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The Financial Wellness Coach – How to manage a retirement annuity payout


Kenny Meiring is an independent financial adviser. Contact him on 082 856 0348 or at Send your questions to [email protected].

Question: I own a small business and cash flow is a perennial problem. I will turn 55 soon, which means I can access my retirement annuity (RA). I am considering taking the one-third lump sum from the RA and putting that in my housing bond to provide me with access to capital when I need it. What do you think of this idea?

Answer: There are a few things you need to look at before you go down this path.


The tax on your retirement lump sums works on a sliding scale. The more you withdraw, the bigger the portion you pay to the Receiver.


The rest of your retirement benefit must be used to generate an income. Be careful about letting this become part of your household income while you are still working. I would recommend you take this money annually and invest it so you are not tempted to use it.


By investing your retirement savings in your business, you are putting all your eggs in one basket. If the business succeeds, you are fine; if it run into difficulties, you could be in trouble.

Do you have other assets that could be converted into a source of income should your business fail? If your RA has been running for a while, it will be protected from your creditors. Even if your business fails, you would still have a source of income.

Estate planning

In essence, your retirement savings do not form part of your estate. This means that the value of your retirement annuities or living annuities may be passed on to your heirs without paying 20% estate duty. By taking money out of retirement savings and putting it into your bond you are reducing the size of your assets that fall out of the estate duty net.

Longevity of the business

You need to give serious thought to this. I regularly see clients with their own businesses who are looking to retire (or reduce their involvement in the business). The challenge is that they might not have strong enough staff to run the business when they are not involved.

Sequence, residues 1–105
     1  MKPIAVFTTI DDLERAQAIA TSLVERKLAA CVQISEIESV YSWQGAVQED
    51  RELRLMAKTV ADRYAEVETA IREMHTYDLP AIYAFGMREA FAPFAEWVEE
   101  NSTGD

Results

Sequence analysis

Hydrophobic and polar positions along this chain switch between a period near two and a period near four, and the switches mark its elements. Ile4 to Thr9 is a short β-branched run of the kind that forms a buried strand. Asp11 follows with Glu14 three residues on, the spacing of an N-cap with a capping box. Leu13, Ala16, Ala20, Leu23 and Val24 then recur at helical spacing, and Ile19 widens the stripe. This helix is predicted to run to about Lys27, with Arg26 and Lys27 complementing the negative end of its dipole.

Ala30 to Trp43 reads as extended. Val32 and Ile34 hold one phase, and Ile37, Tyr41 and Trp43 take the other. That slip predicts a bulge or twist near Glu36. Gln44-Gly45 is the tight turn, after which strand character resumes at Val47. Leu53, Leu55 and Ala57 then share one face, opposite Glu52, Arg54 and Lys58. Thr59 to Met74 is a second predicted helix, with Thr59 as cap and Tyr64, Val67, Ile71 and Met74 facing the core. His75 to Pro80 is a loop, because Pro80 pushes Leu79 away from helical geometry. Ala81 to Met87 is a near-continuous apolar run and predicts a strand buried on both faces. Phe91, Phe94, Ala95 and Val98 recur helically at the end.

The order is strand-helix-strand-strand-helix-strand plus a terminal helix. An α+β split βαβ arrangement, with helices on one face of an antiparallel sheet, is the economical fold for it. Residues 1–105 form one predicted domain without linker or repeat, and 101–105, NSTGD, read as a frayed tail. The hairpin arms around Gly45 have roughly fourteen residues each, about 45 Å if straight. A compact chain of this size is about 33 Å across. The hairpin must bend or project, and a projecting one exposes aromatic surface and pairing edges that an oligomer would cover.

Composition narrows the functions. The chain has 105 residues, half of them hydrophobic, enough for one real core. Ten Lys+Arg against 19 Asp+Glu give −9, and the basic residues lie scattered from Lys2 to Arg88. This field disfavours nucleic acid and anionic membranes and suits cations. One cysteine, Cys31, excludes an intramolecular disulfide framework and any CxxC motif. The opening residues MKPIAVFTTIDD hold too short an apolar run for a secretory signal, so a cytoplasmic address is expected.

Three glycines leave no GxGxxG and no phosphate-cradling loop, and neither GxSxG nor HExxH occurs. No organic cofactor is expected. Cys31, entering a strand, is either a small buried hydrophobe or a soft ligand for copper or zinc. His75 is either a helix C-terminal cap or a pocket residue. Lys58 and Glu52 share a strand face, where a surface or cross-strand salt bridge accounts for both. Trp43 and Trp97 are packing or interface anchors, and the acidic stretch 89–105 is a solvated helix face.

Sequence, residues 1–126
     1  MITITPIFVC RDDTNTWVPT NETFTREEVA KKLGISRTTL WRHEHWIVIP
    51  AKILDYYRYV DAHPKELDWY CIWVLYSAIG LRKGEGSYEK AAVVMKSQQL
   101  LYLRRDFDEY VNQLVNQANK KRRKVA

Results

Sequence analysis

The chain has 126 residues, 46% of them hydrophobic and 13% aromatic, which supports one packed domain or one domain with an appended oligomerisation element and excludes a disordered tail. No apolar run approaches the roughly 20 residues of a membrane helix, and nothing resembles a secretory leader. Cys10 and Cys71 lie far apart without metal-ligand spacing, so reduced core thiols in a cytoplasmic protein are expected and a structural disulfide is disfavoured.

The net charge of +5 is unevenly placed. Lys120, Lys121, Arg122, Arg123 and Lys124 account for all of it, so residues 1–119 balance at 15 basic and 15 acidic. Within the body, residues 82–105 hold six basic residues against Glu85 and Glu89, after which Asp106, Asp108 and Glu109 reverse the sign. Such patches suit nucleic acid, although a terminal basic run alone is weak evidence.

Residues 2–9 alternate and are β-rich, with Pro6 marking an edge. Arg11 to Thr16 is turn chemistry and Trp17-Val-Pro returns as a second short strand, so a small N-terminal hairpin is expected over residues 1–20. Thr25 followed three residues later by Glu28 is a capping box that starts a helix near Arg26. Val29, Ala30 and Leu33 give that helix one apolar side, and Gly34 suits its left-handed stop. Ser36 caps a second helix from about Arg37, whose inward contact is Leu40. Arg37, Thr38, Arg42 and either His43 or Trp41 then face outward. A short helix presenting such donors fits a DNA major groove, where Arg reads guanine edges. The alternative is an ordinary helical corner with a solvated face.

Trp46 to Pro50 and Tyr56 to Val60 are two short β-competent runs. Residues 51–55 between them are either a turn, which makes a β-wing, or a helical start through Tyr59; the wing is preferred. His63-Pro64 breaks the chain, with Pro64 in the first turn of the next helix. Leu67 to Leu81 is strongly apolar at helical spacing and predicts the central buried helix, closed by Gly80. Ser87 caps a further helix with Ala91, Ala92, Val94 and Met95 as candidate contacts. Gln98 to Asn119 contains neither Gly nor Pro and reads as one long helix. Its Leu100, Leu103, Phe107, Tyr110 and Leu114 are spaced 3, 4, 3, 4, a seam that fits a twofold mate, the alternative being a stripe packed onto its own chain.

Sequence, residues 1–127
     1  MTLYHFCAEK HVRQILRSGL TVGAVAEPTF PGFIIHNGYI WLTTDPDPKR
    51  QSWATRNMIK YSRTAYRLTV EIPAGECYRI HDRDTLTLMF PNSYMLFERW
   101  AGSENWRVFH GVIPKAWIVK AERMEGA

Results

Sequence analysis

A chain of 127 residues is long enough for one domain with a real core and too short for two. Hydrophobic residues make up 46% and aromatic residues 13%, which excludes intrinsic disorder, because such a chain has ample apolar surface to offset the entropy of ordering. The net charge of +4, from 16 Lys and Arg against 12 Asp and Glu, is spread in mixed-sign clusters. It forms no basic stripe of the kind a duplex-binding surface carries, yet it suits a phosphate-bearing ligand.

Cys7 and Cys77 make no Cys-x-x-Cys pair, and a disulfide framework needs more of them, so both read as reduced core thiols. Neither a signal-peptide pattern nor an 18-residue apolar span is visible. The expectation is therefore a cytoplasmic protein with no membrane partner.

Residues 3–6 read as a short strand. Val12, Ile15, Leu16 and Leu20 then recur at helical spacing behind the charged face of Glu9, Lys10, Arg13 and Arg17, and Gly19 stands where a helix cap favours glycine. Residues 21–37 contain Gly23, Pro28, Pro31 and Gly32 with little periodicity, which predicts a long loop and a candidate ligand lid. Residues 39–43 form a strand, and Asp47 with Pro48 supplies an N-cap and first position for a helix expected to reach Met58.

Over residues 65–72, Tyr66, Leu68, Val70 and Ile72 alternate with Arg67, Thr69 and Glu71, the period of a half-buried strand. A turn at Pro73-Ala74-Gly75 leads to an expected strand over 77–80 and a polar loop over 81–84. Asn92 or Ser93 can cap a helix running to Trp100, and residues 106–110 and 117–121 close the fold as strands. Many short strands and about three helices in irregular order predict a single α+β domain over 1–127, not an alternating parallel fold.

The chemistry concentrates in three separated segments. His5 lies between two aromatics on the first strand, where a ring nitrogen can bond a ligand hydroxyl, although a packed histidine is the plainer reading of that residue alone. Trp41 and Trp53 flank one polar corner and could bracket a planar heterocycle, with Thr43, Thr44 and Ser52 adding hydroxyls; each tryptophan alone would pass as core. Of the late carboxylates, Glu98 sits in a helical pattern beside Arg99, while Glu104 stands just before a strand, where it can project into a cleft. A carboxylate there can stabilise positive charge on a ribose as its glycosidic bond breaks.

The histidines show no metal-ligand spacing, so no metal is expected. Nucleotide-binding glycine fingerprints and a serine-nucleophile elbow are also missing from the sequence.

If you are going to put part of your retirement savings at risk by investing in the business, you need to ensure the business is sustainable when your involvement is cut back.

The business must be correctly structured so you can do one of two things:

  • Sell it and use the proceeds to provide you with an income for the rest of your life; or
  • Use it to draw an ongoing income till you and your spouse die.

There are people who specialise in helping small business owners do this.

You need to get your business valued by a specialist. Many small business owners massively underestimate the value of their business. This can cause problems when sorting out the estate, as there is often not enough liquidity to pay various taxes.

Once you appreciate the value of the business, you can put structures in place to attract the right calibre of staff. This will improve your chances of selling the business for a decent price. Or you will ensure that the business carries on running at the level it was when you were still actively involved.

There are several clever financial structures that small businesses could use to:

  • Attract and retain key staff;
  • Help the next generation of leadership buy into the business; and
  • Extract value when you retire.

Chat to an experienced financial adviser who can unpack the issues and help you to make the right decision. DM168

This story first appeared in our weekly Daily Maverick 168 newspaper which is available for R25 at Pick n Pay, Exclusive Books and airport bookstores. For your nearest stockist, please click here.


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